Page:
Haiti

Haiti condemns recent police violence

Haitian authorities are condemning police violence in one of the country’s provinces, and are seeking the U.S. Embassy’s help in tracking down one of the officers involved who is believed to have fled to the United States.

“The state will not tolerate police violence,” the office of Haiti Prime Minister Laurent Lamothe said about allegations involving the behavior of certain officers in the Haiti National Police (HNP).

The incident took place late on Aug. 17 during a concert in the southwestern coastal city of Petit-Goâve and involved a specialized unit of the police, UDMO, assigned to HNP’s West Department, which includes Port-au-Prince.

Two musicians who were on stage at the time told a local Haitian radio station they saw an officer beating up revelers, and others fired automatic weapons into the air and tear gas onto the crowd of 20,000 to 30,000, creating a stampede.

On Saturday, some area residents took to the streets in protest of the incident, demanding that sanctions be taken against those involved.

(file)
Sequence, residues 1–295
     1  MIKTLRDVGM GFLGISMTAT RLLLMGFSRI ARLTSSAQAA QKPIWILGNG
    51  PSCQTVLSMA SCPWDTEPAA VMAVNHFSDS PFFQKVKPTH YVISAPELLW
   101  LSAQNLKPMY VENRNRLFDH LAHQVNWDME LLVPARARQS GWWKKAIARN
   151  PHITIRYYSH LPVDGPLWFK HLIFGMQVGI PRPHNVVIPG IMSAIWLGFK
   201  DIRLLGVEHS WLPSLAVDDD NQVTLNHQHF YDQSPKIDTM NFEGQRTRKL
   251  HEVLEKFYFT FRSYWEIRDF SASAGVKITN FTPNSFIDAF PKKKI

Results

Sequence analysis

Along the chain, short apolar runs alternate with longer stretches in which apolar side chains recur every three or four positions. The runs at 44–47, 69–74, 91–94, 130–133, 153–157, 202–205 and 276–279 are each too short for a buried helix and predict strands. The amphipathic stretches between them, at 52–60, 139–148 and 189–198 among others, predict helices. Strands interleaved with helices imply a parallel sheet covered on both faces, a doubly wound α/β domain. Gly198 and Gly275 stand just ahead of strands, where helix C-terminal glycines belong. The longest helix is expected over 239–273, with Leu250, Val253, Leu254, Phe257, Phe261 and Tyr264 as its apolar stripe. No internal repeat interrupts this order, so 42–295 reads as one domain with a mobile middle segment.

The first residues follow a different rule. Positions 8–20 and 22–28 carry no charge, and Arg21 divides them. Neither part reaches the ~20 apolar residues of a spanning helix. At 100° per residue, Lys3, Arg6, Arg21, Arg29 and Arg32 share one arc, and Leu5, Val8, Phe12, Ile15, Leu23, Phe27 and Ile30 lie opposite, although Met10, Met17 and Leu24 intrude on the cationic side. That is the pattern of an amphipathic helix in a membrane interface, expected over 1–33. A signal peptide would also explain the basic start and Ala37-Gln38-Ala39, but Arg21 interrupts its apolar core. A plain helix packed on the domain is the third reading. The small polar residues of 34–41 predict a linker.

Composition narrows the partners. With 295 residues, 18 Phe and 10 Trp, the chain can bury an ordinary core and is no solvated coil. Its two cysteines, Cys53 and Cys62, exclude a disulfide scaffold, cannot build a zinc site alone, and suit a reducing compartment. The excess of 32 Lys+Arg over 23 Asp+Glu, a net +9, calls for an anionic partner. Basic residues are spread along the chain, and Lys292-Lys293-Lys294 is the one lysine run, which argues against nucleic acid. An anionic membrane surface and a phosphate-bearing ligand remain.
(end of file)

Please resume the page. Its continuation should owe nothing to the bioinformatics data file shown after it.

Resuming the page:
The musicians — leading konpa artists Joseph “Ti Joe” Zenny of Kreyòl La and Djakout#1’s Shabba — expressed those same sentiments Monday, denouncing the violence by police and demanding authorities take action against those involved.

“The violence caused 43 casualties, including two by gunfire. Two people are still hospitalized,” Lamothe’s office said.

As prime minister, Lamothe serves as chairman of the Superior Council of the National Police (CSPN), which oversees the HNP. Other CSPN members include the police chief, police inspector general and ministers of justice, interior and defense.

The police inspector general’s office immediately launched an investigation into the incident, which has since revealed that one of the UDMO police officers accused of firing on the crowd is on the run in the United States, Lamothe’s office said.

“Contacts have already been established with the American authorities to arrest and repatriate,” it added, noting that the officer will be treated with “the utmost rigor.”

This is not the first time allegations of violence in the HNP have been raised involving musicians.

Brothers Posse, a group that has been critical of the country’s governance, recently complained about police breaking up one of its concerts by firing tear gas.

Earlier this month the country’s leading human rights group, the National Human Rights Defense Network, issued a report detailing recent acts of police brutality saying that it was concerned about “an alarming upsurge in violent beatings causing death” perpetrated by HNP agents.

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